Warner Bros.’ large and eclectic slate produced wildly varying results in 2003.
It was the year of “The Matrix.” Larry and Andy Wachowski’s two sequels, released six months apart in a storm of hype, were the cornerstones of Warners’ slate.
“The Matrix: Reloaded” grossed close to $750 million worldwide. But both films faced a fierce critical backlash, and “Revolutions” generated roughly half the theatrical grosses of “Reloaded,” despite a record-breaking global saturation release.
Internationally, Warners was dominant, charting $1.5 bil in overseas B.O.
“It’s another record year,” Warners Entertainment prexy Alan Horn says. “The international success has underscored the solidity of our approach.”
Studio’s approach is largely the same as in years past: four or five tentpoles to anchor a 20-picture slate.
But studio has made internal adjustments. Production chief Jeff Robinov marked his first full year on the job. He brought several producers to the lot and kick-started Warners Independent.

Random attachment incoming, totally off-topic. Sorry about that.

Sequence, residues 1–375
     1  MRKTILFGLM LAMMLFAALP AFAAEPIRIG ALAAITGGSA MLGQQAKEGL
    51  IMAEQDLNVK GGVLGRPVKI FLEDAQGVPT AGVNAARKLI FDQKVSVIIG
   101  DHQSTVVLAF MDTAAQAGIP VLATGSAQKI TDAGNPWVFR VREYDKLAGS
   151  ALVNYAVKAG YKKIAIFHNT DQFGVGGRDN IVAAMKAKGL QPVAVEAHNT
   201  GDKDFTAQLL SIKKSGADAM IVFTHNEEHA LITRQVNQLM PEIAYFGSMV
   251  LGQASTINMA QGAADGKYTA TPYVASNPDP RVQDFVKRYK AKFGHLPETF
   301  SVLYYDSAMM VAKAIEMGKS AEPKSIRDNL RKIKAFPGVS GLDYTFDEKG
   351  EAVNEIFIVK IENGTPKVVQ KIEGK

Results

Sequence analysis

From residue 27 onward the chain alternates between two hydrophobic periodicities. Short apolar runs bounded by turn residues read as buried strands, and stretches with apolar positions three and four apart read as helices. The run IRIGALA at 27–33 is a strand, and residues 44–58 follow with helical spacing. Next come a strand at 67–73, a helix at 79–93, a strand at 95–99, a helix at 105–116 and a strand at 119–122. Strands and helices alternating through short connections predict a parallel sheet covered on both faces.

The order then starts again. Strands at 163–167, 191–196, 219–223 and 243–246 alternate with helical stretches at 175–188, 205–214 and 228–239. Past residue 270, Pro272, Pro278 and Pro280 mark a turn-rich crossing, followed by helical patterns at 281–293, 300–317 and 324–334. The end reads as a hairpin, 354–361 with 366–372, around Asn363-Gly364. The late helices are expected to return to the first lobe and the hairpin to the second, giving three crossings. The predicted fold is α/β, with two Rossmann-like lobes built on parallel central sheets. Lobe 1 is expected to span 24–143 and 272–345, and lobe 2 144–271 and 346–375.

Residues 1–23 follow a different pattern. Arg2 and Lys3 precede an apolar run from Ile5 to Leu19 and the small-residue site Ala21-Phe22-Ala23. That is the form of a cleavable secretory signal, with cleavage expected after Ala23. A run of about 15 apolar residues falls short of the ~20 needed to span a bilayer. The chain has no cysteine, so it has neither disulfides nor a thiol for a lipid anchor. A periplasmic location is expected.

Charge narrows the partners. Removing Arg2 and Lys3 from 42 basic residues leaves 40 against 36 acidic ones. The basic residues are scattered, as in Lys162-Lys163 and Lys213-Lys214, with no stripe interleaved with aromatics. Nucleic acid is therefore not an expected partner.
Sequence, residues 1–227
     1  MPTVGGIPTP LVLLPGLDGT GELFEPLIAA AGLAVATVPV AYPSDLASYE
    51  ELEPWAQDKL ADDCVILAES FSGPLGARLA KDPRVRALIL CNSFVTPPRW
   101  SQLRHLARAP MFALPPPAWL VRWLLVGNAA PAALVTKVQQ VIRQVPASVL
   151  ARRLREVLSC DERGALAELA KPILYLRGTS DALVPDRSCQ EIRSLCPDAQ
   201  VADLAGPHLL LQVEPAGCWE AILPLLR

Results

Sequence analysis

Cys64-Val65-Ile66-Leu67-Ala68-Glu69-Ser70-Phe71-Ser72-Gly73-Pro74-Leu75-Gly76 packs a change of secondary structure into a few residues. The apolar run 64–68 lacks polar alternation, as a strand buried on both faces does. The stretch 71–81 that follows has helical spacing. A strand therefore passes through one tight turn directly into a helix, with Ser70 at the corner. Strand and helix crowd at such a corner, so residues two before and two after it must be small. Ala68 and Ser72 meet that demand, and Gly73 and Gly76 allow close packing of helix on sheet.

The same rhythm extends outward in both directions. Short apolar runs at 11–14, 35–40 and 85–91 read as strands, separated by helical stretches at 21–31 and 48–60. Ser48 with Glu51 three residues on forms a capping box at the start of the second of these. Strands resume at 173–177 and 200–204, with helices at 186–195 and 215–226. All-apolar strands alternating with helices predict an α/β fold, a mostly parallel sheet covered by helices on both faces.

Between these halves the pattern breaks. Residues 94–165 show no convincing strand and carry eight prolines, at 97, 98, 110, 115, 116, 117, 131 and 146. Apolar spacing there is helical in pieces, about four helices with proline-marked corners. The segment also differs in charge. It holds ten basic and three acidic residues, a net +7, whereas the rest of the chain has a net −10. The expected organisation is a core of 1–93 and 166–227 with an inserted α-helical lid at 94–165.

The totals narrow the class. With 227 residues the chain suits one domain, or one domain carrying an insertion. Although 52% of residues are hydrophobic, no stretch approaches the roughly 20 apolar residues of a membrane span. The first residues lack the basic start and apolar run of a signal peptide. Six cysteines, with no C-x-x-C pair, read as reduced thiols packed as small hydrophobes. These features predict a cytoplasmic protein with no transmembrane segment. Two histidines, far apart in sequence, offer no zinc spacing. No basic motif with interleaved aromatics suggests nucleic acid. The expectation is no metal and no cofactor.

Robinov has sought to bring over more prestigious directors, matching high-stakes material to such auteurs as Alfonso Cuaron (“Harry Potter”) and Christopher Nolan (“Batman”).
“We’re trying to marry art and commerce,” Robinov says.
One black spot was “Looney Tunes: Back in Action,” which earned roughly $20 million at the B.O., throwing cold water on a corporate initiative to breathe new life into such venerable characters as Bugs Bunny and Daffy Duck.
But some smaller pics enjoyed breakout success. “Mystic River,” “Kangaroo Jack” and “Gothika” all grossed more than $50 million, driving U.S. box office for the slate north of $1.1 billion.
“Mystic River” and “The Last Samurai” also brought the studio a new measure of awards-season prestige. Together they earned eight Golden Globe noms.